2020 has been a difficult and unpredictable year. One thing that has helped the business world survive is the cloud ecosystem that the global community has grown to rely on. In fact, it’s this reliance on the cloud that has allowed many businesses to thrive amid the COVID-19 pandemic.
Given the nature of technology—that it is always evolving—it should come as no shock that aspects of technology will be bigger in the new year than they already are today.
In terms of the business world, experts suggest that 3 trends in cloud computing will evolve faster and play a larger role in 2021 than they did in 2020.
Not having to rely on a server to hold data is beneficial to enterprises because servers take up a lot of space and resources. Not only do you have to have somewhere to house the servers (because holding large amounts of data typically requires multiple servers) but you also have to spend money on powering, cooling, servicing, etc. That all adds up.
By eliminating the use of servers, enterprises will allow businesses to focus on back-end computing as well as make way for the future of distributed computing, according to Satya Nadella, the CEO of Microsoft.
Hybrid cloud providers
In recent years, some enterprises have been facing difficulties choosing which cloud environment works best for their needs. All cloud environments (public, private and hybrid) offer their own advantages/disadvantages. Being able to utilize a hybrid cloud means that companies can get the best of both worlds and hybrid cloud usage is up.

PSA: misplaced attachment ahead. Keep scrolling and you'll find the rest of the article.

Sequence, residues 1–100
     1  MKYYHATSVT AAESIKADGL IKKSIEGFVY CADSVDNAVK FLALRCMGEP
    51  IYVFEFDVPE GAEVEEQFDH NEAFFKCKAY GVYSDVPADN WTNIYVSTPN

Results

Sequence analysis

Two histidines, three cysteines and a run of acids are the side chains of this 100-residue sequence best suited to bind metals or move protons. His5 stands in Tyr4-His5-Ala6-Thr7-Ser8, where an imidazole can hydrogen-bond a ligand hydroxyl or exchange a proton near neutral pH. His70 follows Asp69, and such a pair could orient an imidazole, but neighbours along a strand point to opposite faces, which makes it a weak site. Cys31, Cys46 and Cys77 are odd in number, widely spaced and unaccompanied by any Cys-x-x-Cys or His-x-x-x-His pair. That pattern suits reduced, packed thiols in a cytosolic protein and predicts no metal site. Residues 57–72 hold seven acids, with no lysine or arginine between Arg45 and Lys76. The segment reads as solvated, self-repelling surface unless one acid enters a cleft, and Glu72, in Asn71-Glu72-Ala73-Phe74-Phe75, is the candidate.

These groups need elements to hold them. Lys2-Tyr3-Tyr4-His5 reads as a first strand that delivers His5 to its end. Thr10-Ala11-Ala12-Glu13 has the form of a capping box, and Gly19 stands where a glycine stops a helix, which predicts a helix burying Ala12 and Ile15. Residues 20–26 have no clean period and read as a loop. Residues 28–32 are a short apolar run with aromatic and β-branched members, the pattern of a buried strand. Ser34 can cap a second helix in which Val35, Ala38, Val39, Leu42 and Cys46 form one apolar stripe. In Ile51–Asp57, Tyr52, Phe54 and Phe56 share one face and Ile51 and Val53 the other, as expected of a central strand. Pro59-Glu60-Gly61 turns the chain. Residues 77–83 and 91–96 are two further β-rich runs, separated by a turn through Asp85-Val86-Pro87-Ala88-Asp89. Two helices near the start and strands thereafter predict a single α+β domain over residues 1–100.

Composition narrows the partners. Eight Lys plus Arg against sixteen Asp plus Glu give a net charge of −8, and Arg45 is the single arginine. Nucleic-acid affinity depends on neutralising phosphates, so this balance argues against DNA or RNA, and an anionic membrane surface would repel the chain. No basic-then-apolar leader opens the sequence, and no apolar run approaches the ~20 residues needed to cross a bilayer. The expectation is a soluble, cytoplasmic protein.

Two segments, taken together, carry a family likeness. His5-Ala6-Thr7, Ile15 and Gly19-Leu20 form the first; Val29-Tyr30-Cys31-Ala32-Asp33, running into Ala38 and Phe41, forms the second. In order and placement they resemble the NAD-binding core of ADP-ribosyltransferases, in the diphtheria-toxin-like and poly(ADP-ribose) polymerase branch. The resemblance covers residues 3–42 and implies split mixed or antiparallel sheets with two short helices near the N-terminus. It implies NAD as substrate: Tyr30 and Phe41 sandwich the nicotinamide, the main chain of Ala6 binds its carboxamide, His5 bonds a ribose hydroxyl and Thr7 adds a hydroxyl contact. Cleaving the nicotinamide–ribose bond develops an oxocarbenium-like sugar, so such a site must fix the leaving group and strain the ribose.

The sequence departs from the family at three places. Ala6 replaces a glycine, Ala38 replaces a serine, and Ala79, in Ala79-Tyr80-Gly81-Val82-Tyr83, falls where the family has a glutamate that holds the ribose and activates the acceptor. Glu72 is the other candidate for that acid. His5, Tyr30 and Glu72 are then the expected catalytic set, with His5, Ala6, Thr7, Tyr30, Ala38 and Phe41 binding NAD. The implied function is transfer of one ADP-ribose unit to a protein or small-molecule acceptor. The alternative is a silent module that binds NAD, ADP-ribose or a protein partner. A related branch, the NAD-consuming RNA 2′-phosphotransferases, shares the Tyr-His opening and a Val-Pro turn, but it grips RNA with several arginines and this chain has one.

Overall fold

Companies in 2020 have been turning to hybrid cloud environments at an increasing rate (up roughly 58 percent). This is because the hybrid cloud allows for better control, speed and security over traditional cloud environments.
It is expected that businesses will continue to break out of the public/private mold, which will allow for more advanced data sharing capabilities and allow for collaboration between partners who may be using different applications.
Virtual cloud desktops
For those who have never used one, a virtual cloud desktop is a desktop environment that users can access away from the device their operating system is on. Virtual cloud desktops will work on most devices with a screen (specifically laptop, tablet and smartphone). You just need basic hardware. Using virtual cloud desktops eliminates the costs of purchasing and/or updating outdated hardware because you’re only paying for the cloud space you’re using.
Examples of virtual cloud desktops that are available include Workspaces from Amazon and Microsoft’s Windows virtual desktop. Additionally, Google offers a version through their popular Chromebook devices.
These are likely not the only 3 cloud computing trends that will see growth over the next year, but they are likely to make the biggest splashes.